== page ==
‘70 pct of state budget being spent for paying salaries’

Rate of financial disclosure statements exceeds 98 pct out of 10,600 officials

KUWAIT CITY, Jan 17: Assistant Secretary General of Kuwait Anti-Corruption Authority (KANCOR) Salem Ali Al-Ali says the rate of submission of financial disclosure statements exceeded 98 percent out of the total 10,600 officials who were required to submit their financial statements in accordance with the law, reports Al-Anba daily.

On the sidelines of the seminar titled “Economic reform programs and their impact on combating financial and administrative corruption” organized by KANCOR recently, Al-Ali indicated that the submitted disclosure statements are currently being checked. He explained that this ratio is inconsistent because there are those who enter and leave the service. Therefore, there is always some percentage of defaulters, as witnessed in all countries worldwide.

The defaulters are thus referred to the Public Prosecution. The authority has referred a long list of names of those who failed to submit their financial statements, and this list changes on a daily basis. Al-Ali stressed that financial disclosure statements are forms submitted in accordance with the law to protect the state funds from infringement, to strengthen control on all who hold a public position, and to immunize employees from suspicions. He added that protection of public money leads to creation of the right environment for attracting foreign investments and contributes to economic reform.

Meanwhile, Vice-President of Kuwait Economic Society Abdulwahab Al-Rasheed said, “There are major challenges facing the Kuwaiti economy, particularly the dependence on oil by 90 percent”. He pointed out the demographic imbalance as per statistics issued in 2014, explaining, “The percentage of expatriate workers whose highest educational level is secondary level is more than 40 percent. In 2025, 61,000 citizens will enter the labor market. Will there be jobs available for them?”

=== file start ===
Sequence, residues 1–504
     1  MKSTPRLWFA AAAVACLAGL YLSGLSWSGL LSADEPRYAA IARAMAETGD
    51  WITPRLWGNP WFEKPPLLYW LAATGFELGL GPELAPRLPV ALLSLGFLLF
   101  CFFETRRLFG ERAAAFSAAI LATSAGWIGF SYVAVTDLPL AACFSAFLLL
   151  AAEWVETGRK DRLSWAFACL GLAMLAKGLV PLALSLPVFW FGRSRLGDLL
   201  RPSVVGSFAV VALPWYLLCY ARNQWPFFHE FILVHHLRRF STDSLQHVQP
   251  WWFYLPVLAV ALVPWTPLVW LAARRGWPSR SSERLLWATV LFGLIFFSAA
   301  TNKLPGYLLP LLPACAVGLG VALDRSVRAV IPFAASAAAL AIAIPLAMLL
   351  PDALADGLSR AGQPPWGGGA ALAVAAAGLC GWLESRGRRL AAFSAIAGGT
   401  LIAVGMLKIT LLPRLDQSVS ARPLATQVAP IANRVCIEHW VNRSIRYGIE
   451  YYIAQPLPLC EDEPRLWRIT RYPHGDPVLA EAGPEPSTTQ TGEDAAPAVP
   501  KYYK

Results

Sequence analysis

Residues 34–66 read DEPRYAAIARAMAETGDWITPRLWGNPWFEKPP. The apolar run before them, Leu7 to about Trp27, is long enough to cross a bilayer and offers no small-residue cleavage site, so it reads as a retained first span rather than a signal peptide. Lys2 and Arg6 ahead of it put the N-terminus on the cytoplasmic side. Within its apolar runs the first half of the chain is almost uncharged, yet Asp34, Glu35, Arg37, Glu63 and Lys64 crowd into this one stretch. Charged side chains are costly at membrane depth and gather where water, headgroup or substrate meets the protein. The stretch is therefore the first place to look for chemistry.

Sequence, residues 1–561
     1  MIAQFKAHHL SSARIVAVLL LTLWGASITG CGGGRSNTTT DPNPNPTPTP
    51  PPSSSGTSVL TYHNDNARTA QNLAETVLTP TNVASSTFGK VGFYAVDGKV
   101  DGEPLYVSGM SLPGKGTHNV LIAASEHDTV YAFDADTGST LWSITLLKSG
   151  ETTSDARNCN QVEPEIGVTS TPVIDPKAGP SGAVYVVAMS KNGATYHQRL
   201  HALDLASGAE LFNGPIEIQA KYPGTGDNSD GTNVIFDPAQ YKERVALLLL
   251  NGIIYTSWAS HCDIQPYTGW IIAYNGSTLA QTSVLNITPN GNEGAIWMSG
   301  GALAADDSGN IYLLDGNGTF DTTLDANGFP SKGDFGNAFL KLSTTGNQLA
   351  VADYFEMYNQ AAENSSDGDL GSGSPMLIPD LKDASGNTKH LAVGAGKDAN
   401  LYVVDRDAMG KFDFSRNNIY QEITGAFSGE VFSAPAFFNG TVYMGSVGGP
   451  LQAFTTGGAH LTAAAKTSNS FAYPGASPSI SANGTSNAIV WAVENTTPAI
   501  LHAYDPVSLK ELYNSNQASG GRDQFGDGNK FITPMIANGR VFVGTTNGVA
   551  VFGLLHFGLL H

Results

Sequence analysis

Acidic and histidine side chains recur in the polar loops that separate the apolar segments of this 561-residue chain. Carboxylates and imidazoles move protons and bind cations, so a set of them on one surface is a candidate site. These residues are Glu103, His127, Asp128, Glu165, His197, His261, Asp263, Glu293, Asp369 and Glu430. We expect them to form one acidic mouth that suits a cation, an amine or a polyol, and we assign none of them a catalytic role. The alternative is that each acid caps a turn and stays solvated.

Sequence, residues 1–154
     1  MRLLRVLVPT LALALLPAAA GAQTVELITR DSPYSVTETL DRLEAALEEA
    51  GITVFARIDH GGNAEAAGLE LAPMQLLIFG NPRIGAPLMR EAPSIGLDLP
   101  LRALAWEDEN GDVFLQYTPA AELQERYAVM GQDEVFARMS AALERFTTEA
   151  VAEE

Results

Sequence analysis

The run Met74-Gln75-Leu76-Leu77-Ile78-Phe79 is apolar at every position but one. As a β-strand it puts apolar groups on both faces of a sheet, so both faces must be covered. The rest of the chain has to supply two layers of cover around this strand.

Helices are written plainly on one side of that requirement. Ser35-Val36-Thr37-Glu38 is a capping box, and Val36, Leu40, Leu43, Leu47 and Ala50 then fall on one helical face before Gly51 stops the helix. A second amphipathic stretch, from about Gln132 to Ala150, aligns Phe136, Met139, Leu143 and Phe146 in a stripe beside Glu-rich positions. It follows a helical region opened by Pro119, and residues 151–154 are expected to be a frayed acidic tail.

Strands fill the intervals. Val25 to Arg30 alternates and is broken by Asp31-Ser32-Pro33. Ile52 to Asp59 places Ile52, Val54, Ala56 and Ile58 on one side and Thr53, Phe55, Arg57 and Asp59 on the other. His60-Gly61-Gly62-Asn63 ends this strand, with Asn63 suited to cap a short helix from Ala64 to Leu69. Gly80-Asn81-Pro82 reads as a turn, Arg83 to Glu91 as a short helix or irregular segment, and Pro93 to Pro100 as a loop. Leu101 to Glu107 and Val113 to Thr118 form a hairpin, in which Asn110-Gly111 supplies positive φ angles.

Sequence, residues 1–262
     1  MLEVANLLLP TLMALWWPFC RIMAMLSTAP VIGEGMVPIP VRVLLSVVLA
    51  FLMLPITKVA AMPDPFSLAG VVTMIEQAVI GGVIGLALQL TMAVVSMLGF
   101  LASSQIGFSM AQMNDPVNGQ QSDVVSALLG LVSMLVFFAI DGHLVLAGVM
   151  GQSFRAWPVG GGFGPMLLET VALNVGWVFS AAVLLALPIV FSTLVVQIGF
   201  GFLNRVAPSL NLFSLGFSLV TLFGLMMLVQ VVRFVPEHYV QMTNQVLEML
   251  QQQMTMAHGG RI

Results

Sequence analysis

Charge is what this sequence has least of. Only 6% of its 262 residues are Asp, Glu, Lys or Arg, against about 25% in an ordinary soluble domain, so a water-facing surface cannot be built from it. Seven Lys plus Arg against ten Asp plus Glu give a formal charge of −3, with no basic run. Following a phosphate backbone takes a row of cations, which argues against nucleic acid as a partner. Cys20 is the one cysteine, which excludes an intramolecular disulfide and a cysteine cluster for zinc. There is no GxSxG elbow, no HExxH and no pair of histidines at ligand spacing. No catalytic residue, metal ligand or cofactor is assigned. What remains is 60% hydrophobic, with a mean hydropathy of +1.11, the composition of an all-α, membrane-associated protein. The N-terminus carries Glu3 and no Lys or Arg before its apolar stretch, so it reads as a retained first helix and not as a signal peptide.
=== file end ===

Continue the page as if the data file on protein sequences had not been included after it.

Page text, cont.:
Al-Rasheed stressed that 70 percent of the state budget is being spent for paying salaries, but the number of Kuwaitis in the country is declining, insisting that “This is a serious indicator. Any delay in the development of the reform policies will lead to lack of confidence and increase in financial and moral corruption”. In addition, Head of Kuwait Transparency Society Salah Al- Ghazali highlighted Kuwait’s decline in the ranking of countries that attract foreign investment. He said the United Arab Emirates has topped the Arab world in terms of direct foreign investment infl ows with value reaching about $9 billion (33.3 billion dirham) of which Kuwait has achieved only 4.86 percent.

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